A well-crafted will maximizes your assets, protects your loved ones, and allows you to leave behind a lasting legacy. If you are unfamiliar with the basics of what a will is, start with part one in our estate management series. In today’s post, we’ll cover what happens with a will and the associated estate after someone passes away.
To begin, the estate goes through something called probate. Simply put, probate is the court process of authenticating a will. If there is no will, the court gets to decide how the inheritance is distributed (not an ideal situation in many cases). During this time, wills can be contested. They may be proven invalid under specific circumstances (for example, if the deceased was incompetent or under undue influence at the time of the will’s creation). As long as the will was properly prepared, the court validates the document, giving official permission to the will’s named executor to start enacting the deceased’s final wishes.
Estate Administration: It’s All in the Details
Next, the executor (also sometimes called the administrator or personal representative) takes responsibility for settling the estate. If there is no will, the court appoints an executor, usually the next of kin or a close friend. The executor handles a long list of duties required to wrap up loose ends, manage assets, and disburse any inheritance. Executors are a fiduciary, meaning they have a legal, ethical, and moral obligation to serve the beneficiaries of the estate over their own self interests. They can be held personally liable if they don’t handle their job efficiently or lawfully. Being an executor is a serious role, so it’s important to choose someone with integrity whom you trust.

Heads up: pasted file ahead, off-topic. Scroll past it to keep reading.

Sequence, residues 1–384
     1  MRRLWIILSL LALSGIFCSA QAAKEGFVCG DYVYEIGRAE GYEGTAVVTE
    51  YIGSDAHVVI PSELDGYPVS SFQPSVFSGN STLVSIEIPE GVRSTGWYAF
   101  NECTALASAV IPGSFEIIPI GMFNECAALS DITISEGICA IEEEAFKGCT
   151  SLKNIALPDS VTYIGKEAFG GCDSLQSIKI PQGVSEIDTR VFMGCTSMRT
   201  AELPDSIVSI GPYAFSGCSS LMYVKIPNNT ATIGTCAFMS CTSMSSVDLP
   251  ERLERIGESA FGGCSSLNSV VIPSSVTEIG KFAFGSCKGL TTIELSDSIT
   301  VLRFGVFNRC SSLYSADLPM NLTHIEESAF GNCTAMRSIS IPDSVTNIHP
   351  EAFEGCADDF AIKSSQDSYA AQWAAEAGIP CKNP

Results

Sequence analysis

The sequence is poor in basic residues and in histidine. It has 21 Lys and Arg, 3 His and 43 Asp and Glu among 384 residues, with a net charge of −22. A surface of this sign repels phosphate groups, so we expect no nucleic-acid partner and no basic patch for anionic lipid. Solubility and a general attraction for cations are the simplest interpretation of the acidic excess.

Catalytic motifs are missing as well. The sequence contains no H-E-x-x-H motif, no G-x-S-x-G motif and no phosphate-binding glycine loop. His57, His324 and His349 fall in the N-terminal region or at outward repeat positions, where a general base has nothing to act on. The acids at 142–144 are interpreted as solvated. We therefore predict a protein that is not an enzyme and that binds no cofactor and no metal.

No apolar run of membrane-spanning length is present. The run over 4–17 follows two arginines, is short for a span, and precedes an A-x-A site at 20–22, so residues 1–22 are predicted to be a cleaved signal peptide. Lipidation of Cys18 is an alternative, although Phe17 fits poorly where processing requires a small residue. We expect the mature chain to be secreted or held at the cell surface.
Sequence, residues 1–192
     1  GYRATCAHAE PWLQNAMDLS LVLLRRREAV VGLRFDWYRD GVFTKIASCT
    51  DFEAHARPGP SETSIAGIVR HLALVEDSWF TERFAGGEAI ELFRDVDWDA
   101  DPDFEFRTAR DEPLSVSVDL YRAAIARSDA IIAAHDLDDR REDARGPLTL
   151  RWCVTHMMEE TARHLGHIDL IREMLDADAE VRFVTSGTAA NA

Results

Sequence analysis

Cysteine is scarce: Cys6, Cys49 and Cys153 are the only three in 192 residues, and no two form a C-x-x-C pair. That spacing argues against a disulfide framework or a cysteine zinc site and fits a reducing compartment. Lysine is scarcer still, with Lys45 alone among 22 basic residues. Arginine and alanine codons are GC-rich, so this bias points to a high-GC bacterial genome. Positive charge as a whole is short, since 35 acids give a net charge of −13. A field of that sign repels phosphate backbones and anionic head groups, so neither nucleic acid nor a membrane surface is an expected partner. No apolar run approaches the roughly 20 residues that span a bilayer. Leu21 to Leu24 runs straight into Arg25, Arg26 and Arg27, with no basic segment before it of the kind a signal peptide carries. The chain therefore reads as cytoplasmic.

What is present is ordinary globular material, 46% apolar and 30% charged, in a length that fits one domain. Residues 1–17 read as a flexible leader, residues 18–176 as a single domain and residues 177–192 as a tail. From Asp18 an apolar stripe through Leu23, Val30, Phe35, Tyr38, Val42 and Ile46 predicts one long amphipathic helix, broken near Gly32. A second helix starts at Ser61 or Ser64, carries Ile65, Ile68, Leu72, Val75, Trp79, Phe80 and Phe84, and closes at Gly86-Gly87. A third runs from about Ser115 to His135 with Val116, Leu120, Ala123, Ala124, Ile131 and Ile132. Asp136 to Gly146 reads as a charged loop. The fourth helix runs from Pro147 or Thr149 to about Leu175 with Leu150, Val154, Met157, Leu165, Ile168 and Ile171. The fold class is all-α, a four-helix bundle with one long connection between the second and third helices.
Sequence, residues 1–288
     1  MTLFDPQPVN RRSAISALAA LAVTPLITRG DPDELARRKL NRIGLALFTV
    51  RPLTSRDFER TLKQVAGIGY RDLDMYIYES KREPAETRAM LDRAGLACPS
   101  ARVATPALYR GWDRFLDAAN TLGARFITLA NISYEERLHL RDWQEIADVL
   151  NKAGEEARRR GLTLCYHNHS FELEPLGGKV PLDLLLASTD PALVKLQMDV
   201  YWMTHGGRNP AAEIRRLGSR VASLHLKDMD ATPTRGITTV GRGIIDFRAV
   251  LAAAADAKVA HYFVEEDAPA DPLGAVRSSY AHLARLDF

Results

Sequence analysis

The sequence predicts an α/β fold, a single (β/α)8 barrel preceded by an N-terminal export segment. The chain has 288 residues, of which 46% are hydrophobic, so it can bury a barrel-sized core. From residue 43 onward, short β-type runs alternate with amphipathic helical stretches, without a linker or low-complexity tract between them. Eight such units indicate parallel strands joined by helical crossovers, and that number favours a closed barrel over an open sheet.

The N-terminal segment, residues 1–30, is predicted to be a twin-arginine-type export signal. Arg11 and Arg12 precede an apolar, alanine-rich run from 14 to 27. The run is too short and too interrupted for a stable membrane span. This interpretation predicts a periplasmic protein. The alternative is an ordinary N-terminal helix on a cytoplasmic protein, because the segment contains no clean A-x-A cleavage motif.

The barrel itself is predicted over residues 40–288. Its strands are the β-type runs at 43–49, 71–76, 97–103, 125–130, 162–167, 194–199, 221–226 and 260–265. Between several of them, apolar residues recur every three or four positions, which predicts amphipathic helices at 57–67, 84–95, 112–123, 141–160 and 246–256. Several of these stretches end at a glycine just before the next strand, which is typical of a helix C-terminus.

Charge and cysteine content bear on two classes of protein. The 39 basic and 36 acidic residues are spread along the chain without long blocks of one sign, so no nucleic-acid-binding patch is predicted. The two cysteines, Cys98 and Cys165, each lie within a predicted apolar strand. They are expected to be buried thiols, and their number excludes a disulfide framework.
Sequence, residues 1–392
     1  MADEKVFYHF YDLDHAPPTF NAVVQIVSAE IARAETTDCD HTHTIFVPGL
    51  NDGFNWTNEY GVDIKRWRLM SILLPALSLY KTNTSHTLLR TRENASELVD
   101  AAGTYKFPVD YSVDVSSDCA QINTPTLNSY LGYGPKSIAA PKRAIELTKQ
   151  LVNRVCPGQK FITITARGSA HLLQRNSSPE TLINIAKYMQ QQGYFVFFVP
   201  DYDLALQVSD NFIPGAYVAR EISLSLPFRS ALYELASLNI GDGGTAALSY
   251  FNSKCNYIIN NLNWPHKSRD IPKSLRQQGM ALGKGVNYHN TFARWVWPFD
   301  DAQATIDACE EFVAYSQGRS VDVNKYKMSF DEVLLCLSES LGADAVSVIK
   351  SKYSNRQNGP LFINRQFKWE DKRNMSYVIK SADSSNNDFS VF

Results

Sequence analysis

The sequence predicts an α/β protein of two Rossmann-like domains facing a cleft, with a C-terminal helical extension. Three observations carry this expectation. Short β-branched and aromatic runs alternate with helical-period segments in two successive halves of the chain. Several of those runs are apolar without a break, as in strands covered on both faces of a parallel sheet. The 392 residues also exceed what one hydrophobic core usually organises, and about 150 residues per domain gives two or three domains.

When a person passes away, all of their assets or possessions become part of their estate. The executor handles the estate administration, the process of settling all of the deceased’s finances and assets and disbursing any inheritance. In general, the executor begins the estate administration by notifying all beneficiaries of the person’s death and providing each with a copy of the will. Next, the executor will often:
- Prepare an assets and liabilities list
- Collect life insurance proceeds
- Pay outstanding bills
- File final tax returns
- Collect any amounts owed
- Publish newspaper notice(s) of the estate
- Settle any claims filed against the estate
- Notify creditors of the death
- Liquidate necessary assets (selling a home, stock, etc.)
Being an executor isn’t the easiest job in the world. The associated tasks can feel heavy and overwhelming. That’s why executors often choose to hire various professionals to lighten their loads and comb through details. Often attorneys, appraisers, accountants, real estate agents, and even auctioneers are called in to help.
Finally, as accounts are settled and property is liquidated, the executor distributes assets to any named recipients. This process can be lengthy. Depending upon the complexity of the situation, estate administration can take anywhere from six months to a year. Without a will, settling the final inheritance can take even longer. After all accounts, assets, and inheritances are disbursed, the estate is considered closed.
Having a well-prepared will allows your loved ones to focus on celebrating your life and grieving after you’re gone, instead of scrambling to figure out what your wishes may have been. A will can bring immense relief and clarity to an already hard situation. Estate administration will go much smoother and faster with a will intact, and the chance of family squabbles usually decreases. And most importantly, you can rest assured knowing your loving legacy will last for future generations. If you need guidance in these areas, we’re here to guide you. Contact Stuart Boehning, Estate Planning attorney, at 765.742.9066.
Missed our first two posts in this estate management series? Read them here:
The content of this blog is intended to be general and informational in nature. It is advertising material and is not intended to be, nor is it, legal advice to or for any particular person, case, or circumstance. Each situation is different, and you should consult an attorney if you have any questions about your situation.